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Wearing a mask makes you feel bigger and freer than usual. It's no exception, even with the hygiene masks you wear every day. But just like in the movie The Mask, people don't just put on a mask to be able to do things they couldn't do before. The magic of a mask is limited. I dare to describe it as a curse.

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Are people interested in selling their faces to be used for the mask? Why would they want to do that?
There are already more than 100 applicants. It's very interesting. Have you ever fantasized about what it would be like to have twins? Humans still do not have the opportunity to look at their faces without a mirror. It’s about the possibility that there is another self somewhere, leading a completely different life. The story of the doppelganger is born of such human desires.

Face buying is limited and we are not going to buy all the faces. I don't want to sell people's faces, I want to buy them, but in order to buy them, I have to sell them. As a matter of fact, there are a lot of people who don't want money but want to donate their faces. But I pay for them just because I enjoy buying them outright.

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Why do you say you don’t want to sell the faces, but only buy them?
Buying is more exciting than selling. As an art dealer, I price artists' works in various forms, but it is to help people to "buy" the work. It's the people who buy, not the sellers, who create the market. Buying something that you feel strongly about and value is more creative than selling something that you think will sell.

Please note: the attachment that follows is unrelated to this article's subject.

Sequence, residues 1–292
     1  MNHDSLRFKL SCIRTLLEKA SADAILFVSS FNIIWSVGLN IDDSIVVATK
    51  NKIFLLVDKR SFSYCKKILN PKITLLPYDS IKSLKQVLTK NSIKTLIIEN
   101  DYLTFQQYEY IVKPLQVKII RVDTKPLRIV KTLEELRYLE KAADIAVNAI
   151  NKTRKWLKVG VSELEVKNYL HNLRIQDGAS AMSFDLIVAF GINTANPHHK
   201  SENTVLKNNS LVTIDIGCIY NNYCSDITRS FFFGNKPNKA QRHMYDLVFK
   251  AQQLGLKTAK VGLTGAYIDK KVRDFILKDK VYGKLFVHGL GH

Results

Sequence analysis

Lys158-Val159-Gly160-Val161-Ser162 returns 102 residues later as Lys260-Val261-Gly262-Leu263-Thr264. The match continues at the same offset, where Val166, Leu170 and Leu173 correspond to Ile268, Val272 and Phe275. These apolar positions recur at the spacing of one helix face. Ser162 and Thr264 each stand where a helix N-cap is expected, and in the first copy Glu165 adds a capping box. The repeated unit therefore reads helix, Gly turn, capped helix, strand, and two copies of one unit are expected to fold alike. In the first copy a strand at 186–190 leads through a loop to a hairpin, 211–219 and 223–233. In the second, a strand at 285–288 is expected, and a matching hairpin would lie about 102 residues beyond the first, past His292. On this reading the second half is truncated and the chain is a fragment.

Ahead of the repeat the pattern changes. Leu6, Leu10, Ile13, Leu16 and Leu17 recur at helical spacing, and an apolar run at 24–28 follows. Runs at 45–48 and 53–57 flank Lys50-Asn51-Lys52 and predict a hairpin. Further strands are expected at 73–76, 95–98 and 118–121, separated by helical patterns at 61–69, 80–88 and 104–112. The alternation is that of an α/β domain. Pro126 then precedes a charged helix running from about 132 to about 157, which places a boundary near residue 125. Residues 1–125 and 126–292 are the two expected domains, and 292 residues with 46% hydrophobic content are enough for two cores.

There is value in anonymous faces, but it is a fluctuating value. There may be value in celebrity faces, and there may be faces that you wouldn't want even if you were paid for them. Why it has value is not for me to decide, but for the buyer to. If I had to look for a reason, I'd venture to say that I don't think it's interesting, although I'm sure a lot of presidential faces have been replicated and actually sold around the world.

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Does this have anything to do with the increasing and scary use of facial recognition surveillance? 
The technology to duplicate faces has been around for a long time. Our technology is being used to increase the accuracy of facial recognition systems. A developer of a facial recognition system had tested the mask to see if it could be used to get past authentication. That was a few years ago, but the facial recognition system was breached.

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In that case, if someone were to misuse these masks and get caught, would Kamenya Omote take the responsibility?
Let me know if there is a way to exploit this. I think if you abuse it, you will be caught immediately. Crime is only creative in movies. Would you regulate the sale of balaclavas because of the image of bank robbers? The social responsibility of the people who make the clothes may be related to the issue of environmental pollution, but it would be nonsensical if the producers of the clothes were accused of the possibility of the wearer committing a crime.

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Seeing the demand, do you plan to take face applications from people outside of Tokyo?
There are already a lot of requests and technically, it is possible. If the project in Tokyo goes well, I'd like to do it elsewhere too.